The Job Hunter’s Survival Guide (2009) by Richard Bolles

If I had to recommend “must read” books for job hunters in this economy, this book would be in my top 3.  Only 96 pages long, this is a very quick read and it’s packed full of terrific information!

Richard Bolles wrote the very famous book What Color Is Your Parachute.  That book is best for those who are unsure of their career direction and have time to wade through self-assessment and self-exploration exercises as well as job search strategies. 

The Job Hunter’s Survival Guide is for someone with little time and the immediate need for a job, who knows what they want to do and where they want to do it.  This book’s best reader simply wants to know the fastest, most effective route to get there.  Bolles gives a list of the top 6 ways for employers to fill vacancies (the top way is to fill the position with someone already inside the organization), which turns out to be the polar opposite of the way job hunters prefer to fill vacancies (as applicants outside the organization who send in unsolicited resumes.)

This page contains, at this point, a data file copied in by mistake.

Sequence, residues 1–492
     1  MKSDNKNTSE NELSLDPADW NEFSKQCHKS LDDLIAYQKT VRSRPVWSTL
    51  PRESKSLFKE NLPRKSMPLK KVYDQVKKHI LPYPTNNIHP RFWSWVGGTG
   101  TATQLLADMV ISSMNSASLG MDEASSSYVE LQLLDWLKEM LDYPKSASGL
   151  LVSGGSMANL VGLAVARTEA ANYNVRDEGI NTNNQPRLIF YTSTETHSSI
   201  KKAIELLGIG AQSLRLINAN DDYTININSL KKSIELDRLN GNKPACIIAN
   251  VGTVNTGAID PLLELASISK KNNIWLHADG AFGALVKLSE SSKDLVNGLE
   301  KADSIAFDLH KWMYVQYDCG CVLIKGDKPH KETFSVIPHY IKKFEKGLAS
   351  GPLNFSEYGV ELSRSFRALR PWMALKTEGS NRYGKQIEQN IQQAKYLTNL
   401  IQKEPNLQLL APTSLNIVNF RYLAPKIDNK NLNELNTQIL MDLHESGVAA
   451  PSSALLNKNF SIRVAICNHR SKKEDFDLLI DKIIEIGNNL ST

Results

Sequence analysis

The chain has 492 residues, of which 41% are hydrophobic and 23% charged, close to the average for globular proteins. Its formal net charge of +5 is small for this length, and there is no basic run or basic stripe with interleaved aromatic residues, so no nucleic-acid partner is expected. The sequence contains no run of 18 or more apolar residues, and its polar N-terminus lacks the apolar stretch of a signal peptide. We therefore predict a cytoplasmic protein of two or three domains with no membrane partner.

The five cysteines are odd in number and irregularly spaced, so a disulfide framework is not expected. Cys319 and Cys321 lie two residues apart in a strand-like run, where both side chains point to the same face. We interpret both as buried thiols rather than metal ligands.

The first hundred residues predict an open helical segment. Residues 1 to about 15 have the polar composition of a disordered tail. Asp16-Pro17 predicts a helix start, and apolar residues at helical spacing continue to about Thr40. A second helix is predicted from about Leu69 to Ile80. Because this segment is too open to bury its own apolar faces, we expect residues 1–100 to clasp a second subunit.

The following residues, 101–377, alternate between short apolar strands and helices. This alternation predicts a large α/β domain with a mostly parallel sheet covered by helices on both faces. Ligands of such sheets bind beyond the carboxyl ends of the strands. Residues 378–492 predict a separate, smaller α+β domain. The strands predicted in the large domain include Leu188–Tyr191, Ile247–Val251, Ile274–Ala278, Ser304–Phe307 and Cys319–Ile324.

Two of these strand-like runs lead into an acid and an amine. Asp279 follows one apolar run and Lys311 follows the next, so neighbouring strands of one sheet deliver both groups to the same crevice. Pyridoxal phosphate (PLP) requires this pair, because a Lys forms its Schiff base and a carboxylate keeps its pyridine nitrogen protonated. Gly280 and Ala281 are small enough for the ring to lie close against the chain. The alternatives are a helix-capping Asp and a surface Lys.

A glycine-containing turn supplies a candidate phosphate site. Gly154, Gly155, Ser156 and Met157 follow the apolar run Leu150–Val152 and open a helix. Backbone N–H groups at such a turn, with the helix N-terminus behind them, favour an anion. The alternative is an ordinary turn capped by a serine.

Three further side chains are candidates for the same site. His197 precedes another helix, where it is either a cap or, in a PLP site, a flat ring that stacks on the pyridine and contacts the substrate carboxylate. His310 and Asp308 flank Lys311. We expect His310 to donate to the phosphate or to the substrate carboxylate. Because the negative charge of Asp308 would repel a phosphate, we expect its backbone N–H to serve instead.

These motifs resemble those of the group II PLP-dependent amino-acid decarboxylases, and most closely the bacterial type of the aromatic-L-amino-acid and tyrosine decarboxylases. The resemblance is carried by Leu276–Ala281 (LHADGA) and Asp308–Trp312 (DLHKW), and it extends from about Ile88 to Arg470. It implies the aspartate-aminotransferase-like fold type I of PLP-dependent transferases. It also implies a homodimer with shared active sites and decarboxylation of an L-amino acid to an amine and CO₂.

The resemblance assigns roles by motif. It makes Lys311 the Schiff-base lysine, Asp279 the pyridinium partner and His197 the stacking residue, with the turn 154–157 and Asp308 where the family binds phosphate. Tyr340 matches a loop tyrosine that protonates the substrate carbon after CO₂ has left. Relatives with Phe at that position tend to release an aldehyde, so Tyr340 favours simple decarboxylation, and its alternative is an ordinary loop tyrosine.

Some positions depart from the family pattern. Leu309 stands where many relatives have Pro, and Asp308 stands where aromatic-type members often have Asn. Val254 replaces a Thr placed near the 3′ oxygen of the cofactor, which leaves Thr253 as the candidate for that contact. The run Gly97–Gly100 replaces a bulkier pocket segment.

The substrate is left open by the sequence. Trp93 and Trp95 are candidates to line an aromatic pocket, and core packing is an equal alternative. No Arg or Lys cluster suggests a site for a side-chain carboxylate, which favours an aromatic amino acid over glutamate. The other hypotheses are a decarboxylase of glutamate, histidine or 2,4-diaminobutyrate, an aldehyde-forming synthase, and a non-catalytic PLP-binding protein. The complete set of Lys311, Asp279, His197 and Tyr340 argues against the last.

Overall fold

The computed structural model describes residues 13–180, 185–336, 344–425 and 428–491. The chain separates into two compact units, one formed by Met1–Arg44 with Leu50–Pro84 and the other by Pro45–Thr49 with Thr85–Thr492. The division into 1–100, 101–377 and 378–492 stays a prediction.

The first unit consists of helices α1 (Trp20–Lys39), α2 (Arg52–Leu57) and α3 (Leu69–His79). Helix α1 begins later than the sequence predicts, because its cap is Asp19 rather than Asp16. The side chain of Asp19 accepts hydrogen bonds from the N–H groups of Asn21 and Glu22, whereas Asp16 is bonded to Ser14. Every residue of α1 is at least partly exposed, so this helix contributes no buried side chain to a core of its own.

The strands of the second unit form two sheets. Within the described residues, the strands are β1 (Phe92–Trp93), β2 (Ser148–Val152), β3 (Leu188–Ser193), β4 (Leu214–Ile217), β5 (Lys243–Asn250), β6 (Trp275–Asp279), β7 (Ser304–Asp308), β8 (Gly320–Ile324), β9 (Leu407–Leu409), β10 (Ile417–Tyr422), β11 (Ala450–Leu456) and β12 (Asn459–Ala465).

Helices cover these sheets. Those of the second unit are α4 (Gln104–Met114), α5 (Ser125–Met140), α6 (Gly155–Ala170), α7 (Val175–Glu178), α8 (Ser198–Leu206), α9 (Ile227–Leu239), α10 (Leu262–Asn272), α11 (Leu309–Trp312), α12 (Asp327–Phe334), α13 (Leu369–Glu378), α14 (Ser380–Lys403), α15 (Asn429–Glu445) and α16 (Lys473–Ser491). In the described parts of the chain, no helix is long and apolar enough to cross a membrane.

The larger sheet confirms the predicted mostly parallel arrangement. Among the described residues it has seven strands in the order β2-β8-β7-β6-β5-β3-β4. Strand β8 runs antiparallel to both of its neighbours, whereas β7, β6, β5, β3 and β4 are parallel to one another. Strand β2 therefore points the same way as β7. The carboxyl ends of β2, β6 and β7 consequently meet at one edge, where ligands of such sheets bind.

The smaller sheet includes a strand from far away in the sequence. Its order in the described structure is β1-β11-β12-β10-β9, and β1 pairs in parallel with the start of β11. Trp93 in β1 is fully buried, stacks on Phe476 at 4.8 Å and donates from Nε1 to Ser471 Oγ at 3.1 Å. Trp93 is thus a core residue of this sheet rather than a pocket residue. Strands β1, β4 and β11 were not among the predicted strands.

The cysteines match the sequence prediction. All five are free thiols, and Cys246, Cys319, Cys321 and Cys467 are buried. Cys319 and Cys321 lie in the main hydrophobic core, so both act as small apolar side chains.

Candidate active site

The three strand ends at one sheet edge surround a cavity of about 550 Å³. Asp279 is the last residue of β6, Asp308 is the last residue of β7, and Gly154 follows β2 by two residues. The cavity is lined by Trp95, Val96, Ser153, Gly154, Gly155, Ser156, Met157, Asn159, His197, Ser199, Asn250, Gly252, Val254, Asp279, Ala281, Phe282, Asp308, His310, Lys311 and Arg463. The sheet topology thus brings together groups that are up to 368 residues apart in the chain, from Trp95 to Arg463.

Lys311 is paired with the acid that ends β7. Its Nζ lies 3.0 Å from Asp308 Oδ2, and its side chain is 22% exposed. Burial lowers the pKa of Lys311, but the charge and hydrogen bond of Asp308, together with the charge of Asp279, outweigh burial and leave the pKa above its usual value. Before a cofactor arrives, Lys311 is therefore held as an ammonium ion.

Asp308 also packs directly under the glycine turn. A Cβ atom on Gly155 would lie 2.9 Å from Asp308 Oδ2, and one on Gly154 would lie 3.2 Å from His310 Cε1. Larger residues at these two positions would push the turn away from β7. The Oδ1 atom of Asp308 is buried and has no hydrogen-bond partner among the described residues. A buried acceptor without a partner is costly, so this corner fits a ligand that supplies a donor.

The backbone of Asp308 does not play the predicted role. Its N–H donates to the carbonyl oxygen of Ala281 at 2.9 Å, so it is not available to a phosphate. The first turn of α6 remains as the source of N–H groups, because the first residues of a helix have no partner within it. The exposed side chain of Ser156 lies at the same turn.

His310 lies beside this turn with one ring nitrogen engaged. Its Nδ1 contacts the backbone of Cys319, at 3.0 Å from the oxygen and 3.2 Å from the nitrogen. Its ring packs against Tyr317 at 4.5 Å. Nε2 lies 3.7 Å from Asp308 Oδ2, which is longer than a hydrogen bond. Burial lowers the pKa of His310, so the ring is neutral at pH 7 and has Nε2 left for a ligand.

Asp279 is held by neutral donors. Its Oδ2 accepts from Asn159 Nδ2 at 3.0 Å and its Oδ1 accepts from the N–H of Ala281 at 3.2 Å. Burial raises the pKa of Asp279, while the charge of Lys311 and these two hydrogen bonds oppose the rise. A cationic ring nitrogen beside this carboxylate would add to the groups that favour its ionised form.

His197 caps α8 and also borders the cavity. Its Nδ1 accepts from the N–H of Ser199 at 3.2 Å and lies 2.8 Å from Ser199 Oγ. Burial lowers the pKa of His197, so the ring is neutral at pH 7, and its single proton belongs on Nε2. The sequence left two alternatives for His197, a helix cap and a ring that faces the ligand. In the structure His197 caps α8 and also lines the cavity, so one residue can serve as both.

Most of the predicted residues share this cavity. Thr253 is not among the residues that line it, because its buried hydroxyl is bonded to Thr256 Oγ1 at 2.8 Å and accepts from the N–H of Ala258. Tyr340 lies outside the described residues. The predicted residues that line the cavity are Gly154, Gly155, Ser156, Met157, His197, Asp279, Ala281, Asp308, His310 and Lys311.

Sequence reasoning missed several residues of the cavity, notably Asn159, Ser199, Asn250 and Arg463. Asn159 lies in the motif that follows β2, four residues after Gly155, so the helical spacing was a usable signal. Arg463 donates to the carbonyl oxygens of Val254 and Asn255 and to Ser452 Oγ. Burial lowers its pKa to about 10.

Additionally, Bolles talks about “The New Resume.”  Rather than the traditional resume, “The New Resume” is your online persona/brand.  Employers now have access to far more information about you than ever before, simply by doing a Google search.  Bolles says at least 50% of employers look for this information online before they hire you and that number will only increase going forward.

 Clearly, it’s vital for today’s jobhunters to join the top professional social network – www.LinkedIn.com  Also, be very careful to keep all your online content (including MySpace, Facebook and others) professional in nature – you should be fine with potential employers looking at it, because chances are quite high that they will. 

For more information on building your online brand, please watch our Career Lecture Series webinars on “Online Social Networking” and “Maximizing LinkedIn for Networking and Your Job Search.”

Happy reading!  This book is well worth it!

Written by Lisa Cook, Director of Career Services 

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